Multifaceted Approach

Doyle is quick to point out that there’s transportation…and then there’s transportation innovation.

“I’m happy to report that thanks to a dedicated and hard-working staff – Rio Metro remains on the cutting edge of both! There’s no way we could ever accomplish what we’ve been able to do in these twelve years without the tremendous vision and foresight of the people who work here.”

Under the auspices of Rio Metro, there is everything from the customer service and marketing side of the house to the “wheels on the ground” staff, such as the operators, drivers, mechanics – and many more who keep things rolling along, business as usual.

“Their efforts have allowed us to maintain a seamless operation as far as the public is concerned, and they seem to do it day-in-and-day-out with smiles on their faces.”, adds Doyle.

A Small Piece

train crossing 2The Rail Runner itself is a small piece of the transportation puzzle, Doyle says, but it is an important piece and with it comes some special challenges. Positive Train Control is a series of Federal regulations requiring New Mexico to invest millions to prevent collisions the Rail Runner has not experienced.

“In 12 years of operation we have never had a high-speed derailment, or a train-to-train crash,” he says. “Our accidents have been related to trespass on our tracks.”

Some New Mexicans also believe the Rail Runner is a project that costs the state too much. Doyle counters with the more than 250 living-wage maintenance and operations jobs the Rail Runner contributes to the state’s economy.

Those jobs are funded through a mix of gross receipts taxes, federal funds, fares and fees.

“A total of $14.3 million is collected from existing local transit gross receipts taxes in our three counties, and those funds support the Rail Runner,” Doyle says. “Another $17 million in federal funds come to the state because the Rail Runner is operating. That money is from two nationwide locales based on fixed guideway commuter rail operations.”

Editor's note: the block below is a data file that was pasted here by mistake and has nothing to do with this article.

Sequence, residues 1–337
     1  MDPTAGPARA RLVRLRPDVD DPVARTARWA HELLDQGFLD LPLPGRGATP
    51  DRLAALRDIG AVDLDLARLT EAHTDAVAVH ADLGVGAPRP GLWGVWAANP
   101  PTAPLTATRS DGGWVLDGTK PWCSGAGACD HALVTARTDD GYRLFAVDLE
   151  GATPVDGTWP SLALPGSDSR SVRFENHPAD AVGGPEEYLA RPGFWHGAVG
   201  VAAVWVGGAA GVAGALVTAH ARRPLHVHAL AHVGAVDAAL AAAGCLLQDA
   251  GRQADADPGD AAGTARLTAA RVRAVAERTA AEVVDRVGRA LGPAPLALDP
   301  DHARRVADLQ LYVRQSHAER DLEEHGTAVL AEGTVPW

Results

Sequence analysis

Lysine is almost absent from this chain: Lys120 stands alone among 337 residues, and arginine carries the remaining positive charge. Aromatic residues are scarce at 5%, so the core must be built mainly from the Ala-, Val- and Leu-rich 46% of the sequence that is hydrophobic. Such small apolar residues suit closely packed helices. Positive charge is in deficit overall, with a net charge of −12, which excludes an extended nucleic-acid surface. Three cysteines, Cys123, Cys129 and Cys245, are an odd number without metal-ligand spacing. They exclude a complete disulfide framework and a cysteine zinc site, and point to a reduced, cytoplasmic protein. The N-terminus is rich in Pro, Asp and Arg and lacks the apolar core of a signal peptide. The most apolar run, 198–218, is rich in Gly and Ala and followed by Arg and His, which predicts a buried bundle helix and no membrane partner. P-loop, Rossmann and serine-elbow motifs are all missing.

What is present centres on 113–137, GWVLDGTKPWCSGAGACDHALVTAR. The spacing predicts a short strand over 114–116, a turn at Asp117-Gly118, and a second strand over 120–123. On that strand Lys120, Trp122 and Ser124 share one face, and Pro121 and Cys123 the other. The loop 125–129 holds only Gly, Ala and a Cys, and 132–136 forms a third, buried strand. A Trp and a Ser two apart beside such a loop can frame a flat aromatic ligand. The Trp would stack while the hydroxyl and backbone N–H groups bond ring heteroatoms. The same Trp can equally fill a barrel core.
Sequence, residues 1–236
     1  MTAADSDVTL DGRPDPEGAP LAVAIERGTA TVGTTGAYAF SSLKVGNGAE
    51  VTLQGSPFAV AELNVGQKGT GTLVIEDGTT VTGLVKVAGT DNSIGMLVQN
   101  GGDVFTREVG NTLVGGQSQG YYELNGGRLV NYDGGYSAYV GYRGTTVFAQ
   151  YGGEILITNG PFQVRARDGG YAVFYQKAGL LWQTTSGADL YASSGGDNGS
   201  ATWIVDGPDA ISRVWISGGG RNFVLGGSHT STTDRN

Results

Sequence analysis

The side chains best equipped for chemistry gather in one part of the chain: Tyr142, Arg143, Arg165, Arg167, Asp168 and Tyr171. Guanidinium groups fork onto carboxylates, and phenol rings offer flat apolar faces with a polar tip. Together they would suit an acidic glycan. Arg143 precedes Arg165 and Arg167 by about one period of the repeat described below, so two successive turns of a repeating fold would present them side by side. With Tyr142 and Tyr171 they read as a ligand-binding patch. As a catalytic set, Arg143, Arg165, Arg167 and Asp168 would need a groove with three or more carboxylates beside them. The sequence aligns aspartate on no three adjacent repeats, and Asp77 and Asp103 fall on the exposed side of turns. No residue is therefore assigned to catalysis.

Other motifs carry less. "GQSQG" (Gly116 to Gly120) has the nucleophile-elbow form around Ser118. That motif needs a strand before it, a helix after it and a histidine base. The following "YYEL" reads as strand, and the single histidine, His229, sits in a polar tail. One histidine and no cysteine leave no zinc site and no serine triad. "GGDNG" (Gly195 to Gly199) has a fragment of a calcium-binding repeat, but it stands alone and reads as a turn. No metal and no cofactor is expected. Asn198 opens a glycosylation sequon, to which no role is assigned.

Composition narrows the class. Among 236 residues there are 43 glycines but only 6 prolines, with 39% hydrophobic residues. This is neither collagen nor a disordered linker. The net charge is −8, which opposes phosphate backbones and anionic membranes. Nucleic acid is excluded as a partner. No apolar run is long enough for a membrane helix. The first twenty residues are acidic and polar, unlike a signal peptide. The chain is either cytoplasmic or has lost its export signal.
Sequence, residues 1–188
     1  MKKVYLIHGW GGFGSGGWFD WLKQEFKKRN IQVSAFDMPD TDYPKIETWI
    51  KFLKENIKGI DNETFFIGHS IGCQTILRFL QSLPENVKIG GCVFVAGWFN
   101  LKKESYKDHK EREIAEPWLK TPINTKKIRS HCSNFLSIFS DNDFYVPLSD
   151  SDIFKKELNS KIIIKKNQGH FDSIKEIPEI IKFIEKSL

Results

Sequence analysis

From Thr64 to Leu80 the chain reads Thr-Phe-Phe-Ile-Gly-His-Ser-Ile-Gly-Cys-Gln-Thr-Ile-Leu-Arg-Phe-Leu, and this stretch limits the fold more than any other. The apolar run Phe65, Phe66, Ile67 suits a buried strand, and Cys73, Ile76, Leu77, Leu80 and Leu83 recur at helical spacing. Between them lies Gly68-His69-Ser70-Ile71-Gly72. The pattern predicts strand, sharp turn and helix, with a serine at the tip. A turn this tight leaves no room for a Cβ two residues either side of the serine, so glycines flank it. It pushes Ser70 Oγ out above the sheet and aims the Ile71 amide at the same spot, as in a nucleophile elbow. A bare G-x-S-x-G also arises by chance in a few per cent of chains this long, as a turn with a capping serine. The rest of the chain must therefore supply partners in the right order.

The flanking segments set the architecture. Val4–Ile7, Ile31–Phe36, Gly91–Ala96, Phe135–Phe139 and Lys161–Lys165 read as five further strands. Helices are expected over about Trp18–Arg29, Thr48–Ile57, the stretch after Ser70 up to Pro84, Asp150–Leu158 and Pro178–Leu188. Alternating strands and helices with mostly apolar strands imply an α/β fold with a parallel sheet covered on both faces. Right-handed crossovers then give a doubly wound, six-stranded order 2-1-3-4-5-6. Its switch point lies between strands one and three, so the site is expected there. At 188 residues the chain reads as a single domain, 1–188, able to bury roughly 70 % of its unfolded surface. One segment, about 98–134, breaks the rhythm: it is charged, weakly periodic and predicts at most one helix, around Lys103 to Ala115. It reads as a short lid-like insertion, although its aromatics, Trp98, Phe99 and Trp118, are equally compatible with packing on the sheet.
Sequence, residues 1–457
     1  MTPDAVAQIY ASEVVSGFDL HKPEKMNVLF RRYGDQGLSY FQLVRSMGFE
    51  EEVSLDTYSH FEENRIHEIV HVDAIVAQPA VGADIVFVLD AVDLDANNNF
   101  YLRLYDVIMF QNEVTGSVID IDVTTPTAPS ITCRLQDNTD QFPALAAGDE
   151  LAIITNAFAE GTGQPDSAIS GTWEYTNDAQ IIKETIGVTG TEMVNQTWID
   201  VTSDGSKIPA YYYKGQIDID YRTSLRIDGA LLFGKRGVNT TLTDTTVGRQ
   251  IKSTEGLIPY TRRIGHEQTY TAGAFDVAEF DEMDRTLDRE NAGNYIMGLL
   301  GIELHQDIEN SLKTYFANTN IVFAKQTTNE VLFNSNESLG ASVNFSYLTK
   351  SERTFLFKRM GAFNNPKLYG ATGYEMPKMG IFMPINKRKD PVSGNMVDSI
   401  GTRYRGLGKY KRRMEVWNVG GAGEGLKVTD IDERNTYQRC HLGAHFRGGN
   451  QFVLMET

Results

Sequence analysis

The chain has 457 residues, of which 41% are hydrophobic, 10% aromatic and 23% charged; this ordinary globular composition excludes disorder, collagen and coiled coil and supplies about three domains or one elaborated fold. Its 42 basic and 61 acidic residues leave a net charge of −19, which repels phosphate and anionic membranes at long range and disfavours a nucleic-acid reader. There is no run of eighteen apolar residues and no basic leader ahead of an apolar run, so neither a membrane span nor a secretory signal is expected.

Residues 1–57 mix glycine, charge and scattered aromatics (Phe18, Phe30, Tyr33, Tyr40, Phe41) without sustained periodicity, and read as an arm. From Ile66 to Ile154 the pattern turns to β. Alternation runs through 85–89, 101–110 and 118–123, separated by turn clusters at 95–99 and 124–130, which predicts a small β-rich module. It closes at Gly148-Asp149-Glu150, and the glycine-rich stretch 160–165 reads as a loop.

Annual ridership fares contribute $2.2 million, he says, and another $2.2 million are fees paid by the Burlington Northern Santa Fe railroad and Amtrak for use of the tracks owned by the state.

The State of New Mexico is responsible for serving the debt incurred during Rail Runner construction, but the state also provides incentives for other industries like film production and tourism.

Building Bridges

All of the public transportation options available in the three-county Rio Metro region – the train, buses and the growing public bicycling network – are designed to get people out of their cars, and Doyle points to the transit gross receipts taxes as the public’s willingness to change their transportation habits. The Belen-to-Bernalillo metro area also might not have a lot of other options.

“The last river crossing constructed was Montaño,” Doyle says, “and that took 20 years.”

Doyle recognizes that not all citizens of the Rio Metro region and the state will be willing to live in condominiums and live without a personal vehicle, but as more mindsets change he is doing everything he can to make the region as attractive to them as possible.

Story by: Martin Frentzel